Condemnation Eminent Domain & Right of Way
Tacoma Lakewood Olympia
When local, state, or federal governments seize private property it is called condemnation. The goverment's power to do this is known as eminent domain. This means that the government can take private property for public use. If your property is being threatened with condemnation and eminent domain, you should contact an attorney first and a commercial real estate appraiser like GPA Valuation second. Both will fight for you. Appeals may be made and "just" compensation will be determined. Your attorney will explain your rights, which differ slightly in each juridiction. Your commercial real estate appraisal will determine the value of your property.
"The victims of eminent domain are most often the elderly, the poor and minorities. This is often because they lack the money and political clout to stop the process." - 19 Eminent Doman Statistics
"Taking away private property for public use should not be done lightly. Owners must receive just compensation. Procedures must be fair, and property owners must be given an adequate opportunity to be heard. Eminent domain should be used only for truly public purposes. These rights are already recognized in the law, but there is no harm in firming them up." - New York Times Article "Responsible Use of Eminent Domain"
Another example of eminent domain affects usage but does not seize property. This is called right-of-way. "A utility company may obtain an easement over private land to install and to maintain power lines. Cell tower construction can also be considered a right of way condemnation. The property owner remains free to use the property for any purpose that does not interfere with the right of way or easement.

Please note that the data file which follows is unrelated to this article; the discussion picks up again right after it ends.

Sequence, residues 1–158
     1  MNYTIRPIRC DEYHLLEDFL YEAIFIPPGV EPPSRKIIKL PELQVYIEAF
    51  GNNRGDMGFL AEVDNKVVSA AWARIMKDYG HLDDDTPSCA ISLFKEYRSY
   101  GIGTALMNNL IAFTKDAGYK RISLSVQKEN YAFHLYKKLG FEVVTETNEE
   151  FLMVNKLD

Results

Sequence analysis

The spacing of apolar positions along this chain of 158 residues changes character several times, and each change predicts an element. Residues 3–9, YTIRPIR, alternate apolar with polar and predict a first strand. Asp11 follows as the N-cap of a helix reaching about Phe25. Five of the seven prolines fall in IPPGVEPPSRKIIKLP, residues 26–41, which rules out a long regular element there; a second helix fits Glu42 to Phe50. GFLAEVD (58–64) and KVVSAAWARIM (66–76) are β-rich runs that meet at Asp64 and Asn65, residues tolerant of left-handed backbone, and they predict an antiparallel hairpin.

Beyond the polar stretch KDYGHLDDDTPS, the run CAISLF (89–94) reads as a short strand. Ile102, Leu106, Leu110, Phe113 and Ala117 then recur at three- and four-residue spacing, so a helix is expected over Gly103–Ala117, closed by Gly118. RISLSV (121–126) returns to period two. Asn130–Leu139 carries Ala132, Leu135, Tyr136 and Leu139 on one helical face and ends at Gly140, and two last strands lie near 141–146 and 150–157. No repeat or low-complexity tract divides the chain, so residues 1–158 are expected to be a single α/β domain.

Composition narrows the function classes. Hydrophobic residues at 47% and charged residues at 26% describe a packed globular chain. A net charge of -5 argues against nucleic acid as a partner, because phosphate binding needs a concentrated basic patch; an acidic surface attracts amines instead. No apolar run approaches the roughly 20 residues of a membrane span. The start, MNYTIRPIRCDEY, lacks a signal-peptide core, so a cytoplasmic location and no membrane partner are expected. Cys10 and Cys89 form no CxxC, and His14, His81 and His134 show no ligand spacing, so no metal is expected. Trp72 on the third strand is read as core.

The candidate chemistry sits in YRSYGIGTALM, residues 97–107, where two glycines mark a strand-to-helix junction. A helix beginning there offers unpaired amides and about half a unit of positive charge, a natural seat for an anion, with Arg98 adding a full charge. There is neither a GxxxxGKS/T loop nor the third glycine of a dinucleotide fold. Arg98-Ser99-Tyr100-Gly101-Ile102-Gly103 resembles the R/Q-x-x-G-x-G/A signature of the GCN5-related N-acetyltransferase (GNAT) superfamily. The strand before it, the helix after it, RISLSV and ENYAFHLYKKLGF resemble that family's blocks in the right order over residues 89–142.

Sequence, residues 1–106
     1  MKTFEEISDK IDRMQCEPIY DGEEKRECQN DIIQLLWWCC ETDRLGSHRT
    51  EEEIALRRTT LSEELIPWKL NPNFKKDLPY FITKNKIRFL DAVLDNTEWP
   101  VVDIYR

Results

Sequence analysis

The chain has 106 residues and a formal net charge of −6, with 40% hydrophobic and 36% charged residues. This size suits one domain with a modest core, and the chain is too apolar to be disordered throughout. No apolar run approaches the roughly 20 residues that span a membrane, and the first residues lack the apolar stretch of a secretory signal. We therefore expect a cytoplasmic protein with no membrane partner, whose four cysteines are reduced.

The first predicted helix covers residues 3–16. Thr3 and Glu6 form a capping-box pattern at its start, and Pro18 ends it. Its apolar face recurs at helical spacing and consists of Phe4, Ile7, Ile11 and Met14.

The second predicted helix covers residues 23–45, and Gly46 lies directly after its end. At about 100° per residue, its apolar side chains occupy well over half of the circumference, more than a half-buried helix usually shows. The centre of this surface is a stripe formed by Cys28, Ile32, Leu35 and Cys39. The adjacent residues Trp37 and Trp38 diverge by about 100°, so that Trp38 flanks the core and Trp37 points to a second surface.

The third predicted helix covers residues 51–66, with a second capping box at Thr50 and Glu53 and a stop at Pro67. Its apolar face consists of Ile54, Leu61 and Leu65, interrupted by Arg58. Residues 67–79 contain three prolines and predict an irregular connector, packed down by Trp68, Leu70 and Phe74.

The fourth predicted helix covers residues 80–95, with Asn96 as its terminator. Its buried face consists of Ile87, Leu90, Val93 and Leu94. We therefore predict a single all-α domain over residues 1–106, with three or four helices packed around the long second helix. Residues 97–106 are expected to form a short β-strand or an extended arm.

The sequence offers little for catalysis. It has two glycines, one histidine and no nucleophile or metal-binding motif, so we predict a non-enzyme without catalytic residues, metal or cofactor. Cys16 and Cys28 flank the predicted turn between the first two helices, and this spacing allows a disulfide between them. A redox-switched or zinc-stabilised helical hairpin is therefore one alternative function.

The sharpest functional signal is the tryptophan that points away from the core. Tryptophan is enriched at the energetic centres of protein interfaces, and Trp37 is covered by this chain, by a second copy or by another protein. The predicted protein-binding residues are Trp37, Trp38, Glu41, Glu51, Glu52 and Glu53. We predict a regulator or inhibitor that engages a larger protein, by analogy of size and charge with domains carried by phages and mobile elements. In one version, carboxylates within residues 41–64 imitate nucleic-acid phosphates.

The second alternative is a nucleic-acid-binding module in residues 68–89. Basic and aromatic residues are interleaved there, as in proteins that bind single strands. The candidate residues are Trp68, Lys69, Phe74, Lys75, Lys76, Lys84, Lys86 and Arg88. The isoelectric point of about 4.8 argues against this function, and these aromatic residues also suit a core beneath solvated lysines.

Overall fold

"Demand for wireless infrastructure in the right of way has been a large challenge for state departments of transportation as they try to balance highway safety, operations, maintenance and aesthetics. Requests for accommodation are scrutinized carefully. The FHWA (Federal Highway Administration) asks state DOTs and local public agencies to protect the right of way (especially new above-ground installations) . . ." - 10 Things You May Not Have Known About Right-of-way
Part of the problem of eminent domain is that some governments (local as well as state and national) see the public good differently. There are definitely blurred lines, hence the need for an attorney and a commercial real estate appraiser.
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